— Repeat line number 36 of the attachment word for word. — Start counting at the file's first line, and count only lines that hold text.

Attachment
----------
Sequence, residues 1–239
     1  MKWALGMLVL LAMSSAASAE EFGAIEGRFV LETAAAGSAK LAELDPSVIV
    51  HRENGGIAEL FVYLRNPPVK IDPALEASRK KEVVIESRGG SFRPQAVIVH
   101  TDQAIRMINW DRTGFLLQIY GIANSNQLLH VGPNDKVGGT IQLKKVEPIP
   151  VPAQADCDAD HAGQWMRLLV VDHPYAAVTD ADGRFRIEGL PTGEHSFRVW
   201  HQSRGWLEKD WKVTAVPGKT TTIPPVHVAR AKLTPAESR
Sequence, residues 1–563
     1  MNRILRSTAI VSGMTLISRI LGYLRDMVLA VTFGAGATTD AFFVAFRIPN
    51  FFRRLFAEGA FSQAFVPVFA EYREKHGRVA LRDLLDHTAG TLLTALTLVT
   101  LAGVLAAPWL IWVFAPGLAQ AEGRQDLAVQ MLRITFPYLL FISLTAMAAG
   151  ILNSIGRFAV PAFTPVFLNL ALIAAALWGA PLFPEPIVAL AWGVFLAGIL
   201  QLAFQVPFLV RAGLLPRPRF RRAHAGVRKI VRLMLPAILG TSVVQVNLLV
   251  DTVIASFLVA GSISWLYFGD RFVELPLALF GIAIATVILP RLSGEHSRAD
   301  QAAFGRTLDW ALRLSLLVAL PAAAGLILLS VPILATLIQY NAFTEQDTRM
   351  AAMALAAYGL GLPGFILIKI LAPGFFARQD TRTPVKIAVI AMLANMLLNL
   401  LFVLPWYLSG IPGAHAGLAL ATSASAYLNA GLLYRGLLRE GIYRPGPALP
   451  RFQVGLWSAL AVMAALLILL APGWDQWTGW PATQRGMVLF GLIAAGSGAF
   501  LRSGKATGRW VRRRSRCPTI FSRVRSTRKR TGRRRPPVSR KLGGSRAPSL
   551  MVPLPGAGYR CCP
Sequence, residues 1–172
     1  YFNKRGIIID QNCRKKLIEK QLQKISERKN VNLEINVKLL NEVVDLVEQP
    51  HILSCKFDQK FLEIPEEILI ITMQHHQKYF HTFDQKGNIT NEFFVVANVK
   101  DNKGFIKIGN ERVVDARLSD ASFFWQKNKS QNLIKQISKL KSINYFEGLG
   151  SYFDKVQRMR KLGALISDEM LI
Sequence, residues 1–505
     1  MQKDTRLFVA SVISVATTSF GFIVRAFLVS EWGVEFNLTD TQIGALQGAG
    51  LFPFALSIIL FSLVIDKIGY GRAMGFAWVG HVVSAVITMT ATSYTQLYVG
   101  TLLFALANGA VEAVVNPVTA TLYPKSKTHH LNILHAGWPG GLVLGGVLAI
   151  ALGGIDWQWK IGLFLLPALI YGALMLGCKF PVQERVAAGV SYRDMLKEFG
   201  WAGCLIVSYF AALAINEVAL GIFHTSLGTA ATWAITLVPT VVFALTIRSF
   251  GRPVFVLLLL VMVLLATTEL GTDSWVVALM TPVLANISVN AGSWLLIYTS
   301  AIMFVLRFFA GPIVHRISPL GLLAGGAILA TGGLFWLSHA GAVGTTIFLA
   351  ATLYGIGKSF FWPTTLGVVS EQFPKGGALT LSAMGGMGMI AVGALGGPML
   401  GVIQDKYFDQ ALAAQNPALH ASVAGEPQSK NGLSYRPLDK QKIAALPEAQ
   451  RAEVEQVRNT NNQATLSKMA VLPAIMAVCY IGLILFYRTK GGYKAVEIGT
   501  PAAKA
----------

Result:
   501  PAAKA